7 Things to Know About Twitter’s New CEO

7 Things to Know About Twitter’s New CEO
Image: Twitter

Twitter co-founder and outgoing CEO Jack Dorsey threw in the towel earlier this week, announcing he’d immediately be succeeded by former Twitter CTO Parag Agrawal. Dorsey was scant on details explaining his departure, noting only that he believed it was time for the company to move beyond its founders. News of Dorsey’s exit was leaked by CNBC before being confirmed by the company soon after.

Despite the high-profile departure, relatively little is known about the 10-year Twitter veteran taking over the reins. Here are seven things we do know so far about Twitter CEO Parag Agrawal.

1. Agrawal Moved From Bombay to Stanford Before Landing at Twitter

Photo: Justin Sullivan, Getty Images Photo: Justin Sullivan, Getty Images

The new CEO received an undergraduate degree in computer science and engineering from the Indian Institute of Technology, Bombay. Agrawal then completed a PhD in philosophy and computer science at Stanford University between 2005-2012, according to his LinkedIn profile.

2. Agrawal Is No Stranger to Big Tech Companies

Photo: David Ramos Photo: David Ramos

In 2006, Agrawal joined Microsoft for a brief four-month research role before moving on to research positions at Yahoo and AT&T, according to LinkedIn. Agrawal first arrived at Twitter in 2011, just months after Dorsey returned as CEO following his removal from the top position in 2008.

3. Agrawal Rose Through Twitter’s Ranks Over a Decade

When Agrawal started at Twitter, he reportedly worked on a project related to increasing the relevance of users’ tweets on their timelines and audience growth. He then received the title “distinguished engineer” for his impact on audience growth, according to Forbes. Agrawal was named CTO in 2018, nearly seven years after joining the company.

4. Twitter Accelerated Its Use of AI Under Agrawal

Photo: Contributor, Getty Images Photo: Contributor, Getty Images

As CTO, Agrawal focused on “scaling a cohesive machine learning and AI approach,” across Twitter’s consumer and infrastructure team, a spokesperson previously told CNBC. Agrawal spoke in some detail on Twitter’s efforts to use AI to detect bot accounts and label potentially harmful content with the Atlantic’s CEO, Nicholas Thompson.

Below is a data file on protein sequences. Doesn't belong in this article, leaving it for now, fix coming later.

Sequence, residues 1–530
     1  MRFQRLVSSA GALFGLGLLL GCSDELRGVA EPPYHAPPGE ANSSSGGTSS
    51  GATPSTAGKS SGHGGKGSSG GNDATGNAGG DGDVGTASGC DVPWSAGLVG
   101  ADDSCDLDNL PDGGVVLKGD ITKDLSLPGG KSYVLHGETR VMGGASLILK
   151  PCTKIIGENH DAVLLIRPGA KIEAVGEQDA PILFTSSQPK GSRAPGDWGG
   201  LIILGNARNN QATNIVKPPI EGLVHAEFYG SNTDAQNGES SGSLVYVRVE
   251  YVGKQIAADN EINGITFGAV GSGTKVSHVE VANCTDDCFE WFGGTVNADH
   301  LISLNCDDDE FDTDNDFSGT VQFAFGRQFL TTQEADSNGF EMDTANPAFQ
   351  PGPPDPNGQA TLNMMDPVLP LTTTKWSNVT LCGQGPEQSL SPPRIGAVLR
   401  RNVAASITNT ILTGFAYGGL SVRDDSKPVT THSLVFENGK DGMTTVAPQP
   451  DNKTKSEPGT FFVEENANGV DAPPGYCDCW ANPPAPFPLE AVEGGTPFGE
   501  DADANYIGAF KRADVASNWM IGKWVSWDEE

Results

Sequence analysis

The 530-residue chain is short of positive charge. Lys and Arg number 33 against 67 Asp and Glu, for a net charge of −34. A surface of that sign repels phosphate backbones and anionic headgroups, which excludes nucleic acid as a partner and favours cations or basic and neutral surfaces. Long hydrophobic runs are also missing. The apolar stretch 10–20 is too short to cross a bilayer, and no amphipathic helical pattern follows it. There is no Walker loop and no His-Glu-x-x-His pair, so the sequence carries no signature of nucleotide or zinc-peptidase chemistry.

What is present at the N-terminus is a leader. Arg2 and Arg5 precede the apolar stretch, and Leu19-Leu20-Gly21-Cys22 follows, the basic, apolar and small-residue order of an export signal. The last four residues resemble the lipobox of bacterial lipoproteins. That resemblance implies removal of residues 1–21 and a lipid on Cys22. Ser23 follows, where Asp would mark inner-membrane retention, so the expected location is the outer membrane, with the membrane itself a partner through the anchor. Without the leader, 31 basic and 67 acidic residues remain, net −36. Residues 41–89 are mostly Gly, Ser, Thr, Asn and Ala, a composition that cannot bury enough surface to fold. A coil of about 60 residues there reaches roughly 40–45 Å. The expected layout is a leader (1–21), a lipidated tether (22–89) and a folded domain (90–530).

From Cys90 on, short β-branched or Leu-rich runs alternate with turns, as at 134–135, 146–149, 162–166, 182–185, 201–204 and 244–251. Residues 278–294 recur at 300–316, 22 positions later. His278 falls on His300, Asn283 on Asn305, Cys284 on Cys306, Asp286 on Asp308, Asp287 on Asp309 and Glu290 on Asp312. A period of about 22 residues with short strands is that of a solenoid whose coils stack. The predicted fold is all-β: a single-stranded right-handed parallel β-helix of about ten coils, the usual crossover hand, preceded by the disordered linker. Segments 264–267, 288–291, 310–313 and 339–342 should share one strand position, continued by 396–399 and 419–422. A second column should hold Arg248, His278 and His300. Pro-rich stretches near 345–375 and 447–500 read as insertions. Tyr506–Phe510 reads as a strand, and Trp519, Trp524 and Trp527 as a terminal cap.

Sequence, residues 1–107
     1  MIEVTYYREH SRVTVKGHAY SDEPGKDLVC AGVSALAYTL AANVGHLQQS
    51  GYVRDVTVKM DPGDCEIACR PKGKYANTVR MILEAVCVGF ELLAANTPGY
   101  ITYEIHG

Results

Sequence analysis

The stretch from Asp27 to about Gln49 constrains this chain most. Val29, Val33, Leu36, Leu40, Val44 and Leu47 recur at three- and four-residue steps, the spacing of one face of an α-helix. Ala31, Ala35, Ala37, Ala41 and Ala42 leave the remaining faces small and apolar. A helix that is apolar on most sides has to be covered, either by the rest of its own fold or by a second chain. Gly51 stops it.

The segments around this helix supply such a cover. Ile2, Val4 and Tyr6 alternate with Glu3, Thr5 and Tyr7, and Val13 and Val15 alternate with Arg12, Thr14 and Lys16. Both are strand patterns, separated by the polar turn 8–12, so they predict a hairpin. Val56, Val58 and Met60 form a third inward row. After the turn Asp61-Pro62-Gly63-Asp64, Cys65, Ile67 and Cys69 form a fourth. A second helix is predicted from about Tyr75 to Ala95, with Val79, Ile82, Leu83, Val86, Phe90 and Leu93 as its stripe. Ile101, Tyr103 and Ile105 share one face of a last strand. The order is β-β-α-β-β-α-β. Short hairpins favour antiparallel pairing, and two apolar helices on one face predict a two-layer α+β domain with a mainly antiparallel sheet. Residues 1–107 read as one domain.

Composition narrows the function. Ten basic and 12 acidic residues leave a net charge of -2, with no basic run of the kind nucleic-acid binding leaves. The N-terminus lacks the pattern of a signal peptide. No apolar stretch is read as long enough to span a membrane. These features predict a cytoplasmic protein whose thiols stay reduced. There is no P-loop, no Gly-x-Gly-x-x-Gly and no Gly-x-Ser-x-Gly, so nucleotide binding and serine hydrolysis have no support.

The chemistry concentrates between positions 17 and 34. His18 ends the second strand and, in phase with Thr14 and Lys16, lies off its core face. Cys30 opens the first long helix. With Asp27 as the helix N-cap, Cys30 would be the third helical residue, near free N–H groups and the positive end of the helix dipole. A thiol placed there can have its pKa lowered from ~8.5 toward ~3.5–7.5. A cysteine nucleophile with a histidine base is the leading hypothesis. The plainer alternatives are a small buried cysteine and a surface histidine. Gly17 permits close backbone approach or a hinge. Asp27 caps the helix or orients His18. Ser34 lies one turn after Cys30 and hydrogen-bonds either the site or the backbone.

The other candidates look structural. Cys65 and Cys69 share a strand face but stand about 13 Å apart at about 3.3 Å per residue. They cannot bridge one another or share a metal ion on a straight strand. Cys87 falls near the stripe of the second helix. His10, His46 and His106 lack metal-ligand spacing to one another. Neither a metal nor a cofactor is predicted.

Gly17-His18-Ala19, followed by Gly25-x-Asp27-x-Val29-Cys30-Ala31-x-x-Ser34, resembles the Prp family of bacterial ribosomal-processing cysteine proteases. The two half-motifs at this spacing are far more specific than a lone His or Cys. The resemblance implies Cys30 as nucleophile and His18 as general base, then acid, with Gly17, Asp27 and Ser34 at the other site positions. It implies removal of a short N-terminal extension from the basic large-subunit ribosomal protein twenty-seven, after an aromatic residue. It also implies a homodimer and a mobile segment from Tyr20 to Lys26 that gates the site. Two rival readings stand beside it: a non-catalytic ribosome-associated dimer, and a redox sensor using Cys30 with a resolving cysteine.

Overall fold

5. Agrawal Is Interested in a Decentralized Approach to Social Media

Screenshot: Blueskyweb.org Screenshot: Blueskyweb.org

Since 2019, Argawal has been involved in Bluesky, a project funded by Twitter aimed at creating a decentralized social media standard. Though details around Bluesky remain scarce, the project named its first leader, Jay Graber, earlier this year. Dorsey has previously described Bluesky as the “standard for the public conversation layer of the internet.”

6. Dorsey Said Agrawal has Been Behind “Every Critical Decision” That Helped Turn Twitter Around

Photo: Joe Raedle, Getty Images Photo: Joe Raedle, Getty Images

In his resignation letter, Dorsey said Agrawal had been unanimously appointed by Twitter’s board and had been his personal pick to lead the position for some time. “My trust in him [Agrawal] as our CEO is bone deep,” Dorsey said.

Former Twitter employee speaking with the Wall Street Journal similarly described Agrawal as a “close friend” to Dorsey.

7. Agrawal May Face Push Back From the Right

An effigy of Twitter CEO, Jack Dorsey (C), dressed as a January 6, 2021, insurrectionist is placed near the US Capitol in Washington, DC, on March 25, 2021. (Photo: Contributor, Getty Images) An effigy of Twitter CEO, Jack Dorsey (C), dressed as a January 6, 2021, insurrectionist is placed near the US Capitol in Washington, DC, on March 25, 2021. (Photo: Contributor, Getty Images)

Just hours after being named CEO, some critics pointed to Agrawal’s previous statement on Twitter’s response to handling misinformation as evidence of censorship against conservatives. Specifically, critics pointed to a 2020 interview Agrawal gave to the MIT Technology Review in which he said Twitter’s “role is not to be bound by the First Amendment, but our role is to serve a healthy public conversation.”